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A "Trial-Close" is a form of questioning the salesperson uses in order to get the prospect to commit to the vehicle before the negotiation process begins. With a trial-close, you can:

1. Sell the prospect on a feature that was important to him/her.
2. Give the prospect a feeling of ownership.
3. Try to increase the number of "yes" responses from the prospect.

The more "yes" answers you can get from the prospect throughout the presentation, the easier it will be to close the prospect during the negotiation process. It stands to reason that if you want to get a "yes" from the customer during negotiations, shouldn't you start getting him used to saying "yes" throughout the presentation? It then becomes easier for the word to flow off his tongue.

During the qualifying part of the program, you asked the customer this question:

"What's important to you about the next vehicle you're going to buy?"

And the customer said, "It's important that I have a large trunk, power seats, and a lot of interior room." You take these statements and stick them in the back of your head, and you'll use them in the form of trial-closes.

No matter how much information you give the customer on your vehicle, you know that these three issues are the ones you definitely need to close the customer on.


A typical "telling" presentation will sound something like this:

"Mr. Customer, this trunk has 14.9 cubic feet of trunk space. It has a low entry system to make it easier to lift your groceries in the trunk. It has a deck lid that opens to 90 degrees so you won't hit your head on it. And it has the spare tire underneath the wheel-well to give you more interior room."

This is a good feature/benefit presentation, but the fact is, all this salesperson did was tell about the trunk. He/she didn't sell the customer anything. The way you make this "telling" presentation into a "selling" presentation is by finishing it off with a trial-close.

After you do this presentation, continue with this:


"Mr. Customer, remember when you said that one of the things you wanted in your next vehicle was large trunk? Can you see how the trunk in this vehicle will carry all your groceries, or all your luggage on your next trip?"

In the first sentence, the customer is reminded that he was the one who felt that a large trunk was important. This statement adds more credibility to the close. This statement should get your first "yes" answer in the close. Then you finish the trial-close off with the actual close.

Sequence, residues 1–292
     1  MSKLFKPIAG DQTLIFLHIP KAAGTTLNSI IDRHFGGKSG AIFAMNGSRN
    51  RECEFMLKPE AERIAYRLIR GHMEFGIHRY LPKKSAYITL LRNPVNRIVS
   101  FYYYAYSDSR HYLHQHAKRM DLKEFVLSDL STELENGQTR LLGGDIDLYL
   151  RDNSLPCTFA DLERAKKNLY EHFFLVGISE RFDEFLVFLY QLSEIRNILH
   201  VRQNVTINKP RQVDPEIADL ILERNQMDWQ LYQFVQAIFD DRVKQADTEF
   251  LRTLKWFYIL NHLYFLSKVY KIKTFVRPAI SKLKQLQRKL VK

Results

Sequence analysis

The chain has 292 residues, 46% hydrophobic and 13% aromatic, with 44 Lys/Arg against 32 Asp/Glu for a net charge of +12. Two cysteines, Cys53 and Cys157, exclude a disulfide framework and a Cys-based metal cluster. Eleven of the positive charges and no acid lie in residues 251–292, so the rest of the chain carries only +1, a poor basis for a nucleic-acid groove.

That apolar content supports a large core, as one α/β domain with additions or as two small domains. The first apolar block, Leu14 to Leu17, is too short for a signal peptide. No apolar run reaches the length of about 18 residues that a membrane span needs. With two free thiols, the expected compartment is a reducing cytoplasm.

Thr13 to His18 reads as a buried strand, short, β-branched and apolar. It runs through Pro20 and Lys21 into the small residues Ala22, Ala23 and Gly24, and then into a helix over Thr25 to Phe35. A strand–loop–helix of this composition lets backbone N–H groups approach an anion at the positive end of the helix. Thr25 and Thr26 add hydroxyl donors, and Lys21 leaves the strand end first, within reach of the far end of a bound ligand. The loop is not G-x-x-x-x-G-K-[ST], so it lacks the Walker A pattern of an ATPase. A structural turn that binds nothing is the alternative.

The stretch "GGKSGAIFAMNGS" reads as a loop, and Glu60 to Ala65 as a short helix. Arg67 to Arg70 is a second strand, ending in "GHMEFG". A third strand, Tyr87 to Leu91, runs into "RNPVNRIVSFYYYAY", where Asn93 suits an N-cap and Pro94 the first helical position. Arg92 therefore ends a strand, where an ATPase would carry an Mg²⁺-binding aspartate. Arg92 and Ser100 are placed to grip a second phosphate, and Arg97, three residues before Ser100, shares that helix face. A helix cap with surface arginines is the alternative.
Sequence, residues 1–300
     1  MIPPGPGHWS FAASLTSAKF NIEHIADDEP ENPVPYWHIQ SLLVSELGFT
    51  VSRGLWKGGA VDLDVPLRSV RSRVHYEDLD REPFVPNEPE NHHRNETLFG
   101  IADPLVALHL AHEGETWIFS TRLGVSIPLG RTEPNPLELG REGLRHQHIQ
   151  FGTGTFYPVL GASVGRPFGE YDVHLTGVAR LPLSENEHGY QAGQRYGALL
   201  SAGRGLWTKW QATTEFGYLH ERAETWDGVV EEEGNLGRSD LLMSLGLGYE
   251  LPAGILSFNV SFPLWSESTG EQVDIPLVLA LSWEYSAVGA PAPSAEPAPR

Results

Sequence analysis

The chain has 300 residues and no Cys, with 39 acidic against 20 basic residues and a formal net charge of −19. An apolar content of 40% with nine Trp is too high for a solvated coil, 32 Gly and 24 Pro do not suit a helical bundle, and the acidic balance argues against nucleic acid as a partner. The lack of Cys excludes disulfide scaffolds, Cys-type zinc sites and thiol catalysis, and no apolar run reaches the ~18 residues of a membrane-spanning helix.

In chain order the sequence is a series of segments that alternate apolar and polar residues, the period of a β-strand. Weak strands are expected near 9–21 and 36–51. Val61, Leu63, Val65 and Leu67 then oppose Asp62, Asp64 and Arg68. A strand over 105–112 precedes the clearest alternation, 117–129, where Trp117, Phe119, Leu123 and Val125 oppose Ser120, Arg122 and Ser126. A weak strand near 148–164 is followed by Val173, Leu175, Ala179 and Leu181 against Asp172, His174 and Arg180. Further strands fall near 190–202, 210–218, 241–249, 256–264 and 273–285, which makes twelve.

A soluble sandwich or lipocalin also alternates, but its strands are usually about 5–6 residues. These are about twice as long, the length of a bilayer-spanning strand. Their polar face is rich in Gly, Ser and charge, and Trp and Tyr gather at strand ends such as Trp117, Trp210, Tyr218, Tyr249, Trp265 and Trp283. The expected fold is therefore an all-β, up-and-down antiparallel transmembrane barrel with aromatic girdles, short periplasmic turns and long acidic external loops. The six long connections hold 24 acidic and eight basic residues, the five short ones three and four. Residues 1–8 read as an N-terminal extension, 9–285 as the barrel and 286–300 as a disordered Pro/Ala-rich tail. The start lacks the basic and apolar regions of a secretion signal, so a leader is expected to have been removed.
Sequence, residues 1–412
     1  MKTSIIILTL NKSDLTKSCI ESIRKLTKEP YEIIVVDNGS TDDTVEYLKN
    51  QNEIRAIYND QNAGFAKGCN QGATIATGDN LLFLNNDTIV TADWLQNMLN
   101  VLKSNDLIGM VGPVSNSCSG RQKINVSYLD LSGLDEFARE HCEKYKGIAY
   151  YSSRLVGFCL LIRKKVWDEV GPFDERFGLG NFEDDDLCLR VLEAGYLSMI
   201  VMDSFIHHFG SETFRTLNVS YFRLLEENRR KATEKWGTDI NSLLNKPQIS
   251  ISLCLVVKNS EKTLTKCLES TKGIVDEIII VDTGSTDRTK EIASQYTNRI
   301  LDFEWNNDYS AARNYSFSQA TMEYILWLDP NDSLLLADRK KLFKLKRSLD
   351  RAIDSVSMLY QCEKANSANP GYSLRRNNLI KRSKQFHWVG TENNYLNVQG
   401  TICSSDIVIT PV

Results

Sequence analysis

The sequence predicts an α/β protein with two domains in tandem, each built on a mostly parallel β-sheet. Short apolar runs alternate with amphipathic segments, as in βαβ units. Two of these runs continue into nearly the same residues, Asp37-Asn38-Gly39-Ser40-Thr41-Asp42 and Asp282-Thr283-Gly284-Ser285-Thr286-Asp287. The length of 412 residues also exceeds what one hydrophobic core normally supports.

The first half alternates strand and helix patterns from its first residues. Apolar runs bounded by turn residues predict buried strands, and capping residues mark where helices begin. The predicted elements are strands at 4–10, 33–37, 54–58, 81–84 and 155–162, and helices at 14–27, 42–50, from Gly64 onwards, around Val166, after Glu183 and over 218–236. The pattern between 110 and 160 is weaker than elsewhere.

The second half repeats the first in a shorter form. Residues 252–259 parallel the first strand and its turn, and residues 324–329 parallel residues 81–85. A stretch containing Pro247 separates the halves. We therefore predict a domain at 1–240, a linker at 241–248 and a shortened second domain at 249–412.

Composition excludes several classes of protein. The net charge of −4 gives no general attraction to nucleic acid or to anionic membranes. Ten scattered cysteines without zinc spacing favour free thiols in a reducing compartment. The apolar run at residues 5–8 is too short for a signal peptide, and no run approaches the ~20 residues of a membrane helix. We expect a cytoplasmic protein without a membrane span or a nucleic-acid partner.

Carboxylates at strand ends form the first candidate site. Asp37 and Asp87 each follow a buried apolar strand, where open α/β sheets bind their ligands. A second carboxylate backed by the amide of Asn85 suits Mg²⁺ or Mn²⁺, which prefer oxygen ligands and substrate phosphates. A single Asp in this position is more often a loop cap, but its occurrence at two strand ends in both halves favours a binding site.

This statement has the customer acknowledge that your vehicle will satisfy the important concern. But the close doesn't stop there. Once you get the customer to agree that your vehicle has what he wants, you now need to psychologically tie the customer into your vehicle. You can accomplish this with a psychological tie-down.


"Now Mr. Customer, let me ask you a question. In your opinion, do you feel that this is the type of trunk you're looking for in your next vehicle?"

If the customer says "yes" to this, you have not only sold the customer on a feature that was important to him, you also psychologically tied him into your vehicle. That's real selling! It's not just enough to tell the customer about the vehicle, you also need to sell the customer on the vehicle.

The difference between a "selling" presentation and a "telling" presentation is in the use of effective trial-closes. If the customer can answer a "no" to your trial-close, it is not an effective one.


• Ask the customer, "What's important to you?" during Qualifying.
• During the presentation, remind the customer what he said.
• Ask customer the closing question - can only be answered "yes."
• Psychological tie the customer into your vehicle.

Remember to keep your trial-closes short and sweet. And above all, practice them before you use them. You never want to stumble on a close. If should flow off of your tongue like butter.

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Article ©2003 Mike Whitty

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